Chapter 7, often referred to as “fresh start” bankruptcy, is for individuals whose income is too low to pay monthly living expenses and debt payments, including credit cards, medical bills, utilities, payday loans or personal loans. The process is over in a few months, enabling you to start fresh and begin to rebuild your credit without the burden of high monthly costs. Upon discharge of your Chapter 7, you will have little or no debt remaining. The bankruptcy court may require that some assets be sold to pay creditors, but individuals often are able to retain their homes and vehicles if you agree to continue to pay monthly mortgages and loan payments.
Chapter 13, often referred to as “wage earner” or “reorganization” bankruptcy, is for individuals who have a steady income and do not qualify for Chapter 7. Chapter 13 is a consumer debt reorganization that enables senior debtors to repay financial obligations affordably and in one monthly payment over a three- to five-year period. Chapter 13 is an option that is available to help take the control back from your creditors that are foreclosing on your home or repossessing your vehicle that you want to keep. Chapter 13 allows you to repay a portion of your debt through a court-approved repayment plan that you can afford. Once you successfully complete the repayment plan, the remaining eligible debt is discharged.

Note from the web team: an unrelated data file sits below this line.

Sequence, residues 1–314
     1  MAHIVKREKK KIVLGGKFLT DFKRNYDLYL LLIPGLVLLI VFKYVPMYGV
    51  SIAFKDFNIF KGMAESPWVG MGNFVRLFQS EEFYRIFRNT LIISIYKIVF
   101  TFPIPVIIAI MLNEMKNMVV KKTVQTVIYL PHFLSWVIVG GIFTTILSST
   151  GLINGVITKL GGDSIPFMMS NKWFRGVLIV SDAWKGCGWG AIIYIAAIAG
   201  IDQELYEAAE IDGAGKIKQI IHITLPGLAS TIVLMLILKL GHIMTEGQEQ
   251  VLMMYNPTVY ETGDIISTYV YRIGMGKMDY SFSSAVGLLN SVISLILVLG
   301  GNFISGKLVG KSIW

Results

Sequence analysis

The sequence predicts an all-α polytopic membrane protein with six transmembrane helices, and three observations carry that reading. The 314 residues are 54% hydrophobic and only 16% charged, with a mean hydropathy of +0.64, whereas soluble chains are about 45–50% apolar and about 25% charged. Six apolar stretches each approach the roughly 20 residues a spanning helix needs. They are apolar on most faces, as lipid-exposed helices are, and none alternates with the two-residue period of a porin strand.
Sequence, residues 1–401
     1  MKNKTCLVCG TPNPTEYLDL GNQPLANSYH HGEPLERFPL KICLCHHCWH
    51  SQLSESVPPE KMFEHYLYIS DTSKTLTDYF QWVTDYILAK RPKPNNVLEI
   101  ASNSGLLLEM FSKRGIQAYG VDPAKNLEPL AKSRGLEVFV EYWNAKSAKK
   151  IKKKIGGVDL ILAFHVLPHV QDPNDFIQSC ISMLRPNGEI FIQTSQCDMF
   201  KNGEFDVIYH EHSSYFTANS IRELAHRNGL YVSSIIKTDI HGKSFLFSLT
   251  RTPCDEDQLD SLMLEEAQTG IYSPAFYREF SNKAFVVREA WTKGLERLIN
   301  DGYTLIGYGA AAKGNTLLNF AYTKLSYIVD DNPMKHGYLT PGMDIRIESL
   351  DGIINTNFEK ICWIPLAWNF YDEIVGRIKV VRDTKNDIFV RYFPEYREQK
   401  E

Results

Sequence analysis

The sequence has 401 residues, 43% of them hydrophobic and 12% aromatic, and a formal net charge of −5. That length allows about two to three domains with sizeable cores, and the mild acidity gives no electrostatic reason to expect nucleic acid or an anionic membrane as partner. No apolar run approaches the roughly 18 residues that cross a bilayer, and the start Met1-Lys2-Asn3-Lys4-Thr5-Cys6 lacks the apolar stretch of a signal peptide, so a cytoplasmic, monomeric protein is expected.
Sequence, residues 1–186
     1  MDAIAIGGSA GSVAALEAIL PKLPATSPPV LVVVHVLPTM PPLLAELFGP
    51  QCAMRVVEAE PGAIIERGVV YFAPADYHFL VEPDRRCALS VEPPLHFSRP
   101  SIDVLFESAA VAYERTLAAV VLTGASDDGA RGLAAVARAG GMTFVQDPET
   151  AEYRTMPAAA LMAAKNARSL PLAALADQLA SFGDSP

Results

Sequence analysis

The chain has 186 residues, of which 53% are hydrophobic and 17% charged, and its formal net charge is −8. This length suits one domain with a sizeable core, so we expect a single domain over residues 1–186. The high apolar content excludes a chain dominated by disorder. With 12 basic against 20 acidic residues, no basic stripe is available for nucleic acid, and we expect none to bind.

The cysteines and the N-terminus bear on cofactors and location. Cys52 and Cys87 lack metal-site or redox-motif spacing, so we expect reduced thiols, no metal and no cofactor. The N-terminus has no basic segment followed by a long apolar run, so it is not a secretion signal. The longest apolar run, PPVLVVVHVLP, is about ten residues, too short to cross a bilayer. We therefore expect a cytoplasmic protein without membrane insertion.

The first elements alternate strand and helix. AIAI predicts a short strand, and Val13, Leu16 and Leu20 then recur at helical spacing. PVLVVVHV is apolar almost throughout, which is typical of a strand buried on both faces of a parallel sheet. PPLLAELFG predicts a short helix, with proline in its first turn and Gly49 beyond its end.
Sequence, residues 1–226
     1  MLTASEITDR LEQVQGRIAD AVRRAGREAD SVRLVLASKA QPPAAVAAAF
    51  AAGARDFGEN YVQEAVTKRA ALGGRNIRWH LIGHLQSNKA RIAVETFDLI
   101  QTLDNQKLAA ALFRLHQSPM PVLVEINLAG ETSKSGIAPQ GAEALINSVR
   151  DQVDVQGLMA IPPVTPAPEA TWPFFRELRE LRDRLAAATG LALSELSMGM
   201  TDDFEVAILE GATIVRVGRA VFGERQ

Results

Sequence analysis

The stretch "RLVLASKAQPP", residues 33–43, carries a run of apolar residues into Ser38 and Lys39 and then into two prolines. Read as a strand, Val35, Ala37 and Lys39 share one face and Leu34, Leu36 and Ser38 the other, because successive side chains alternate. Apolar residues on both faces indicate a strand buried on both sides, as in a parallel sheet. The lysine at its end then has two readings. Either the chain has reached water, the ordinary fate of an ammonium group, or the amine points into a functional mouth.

Chapter 13 bankruptcy is often the best choice for homeowners with more equity in secured assets than they can protect with their Ohio bankruptcy exemptions and who wish to keep these assets, or for people whose income is too high to qualify for a Chapter 7 bankruptcy. To file Chapter 13, you must have a regular source of income and have some disposable income to apply toward your Chapter 13 payment plan.
Contact a Seniors Bankruptcy Attorney Today
If you are a senior or retiree and are burdened with significant debt, it may be time to look at your bankruptcy options. Medical bills, household expenses, utility bills, credit cards and other costs may be insurmountable, and a fresh start could put you back on your feet. Fesenmyer Cousino Weinzimmer offers affordable bankruptcy services. To learn more about how we can help, call us at 614-228-4435 (Columbus), 937-222-7472 (Dayton), or 877-654-5297 (Cincinnati). We offer a free initial consultation and can help put your financial worries behind you.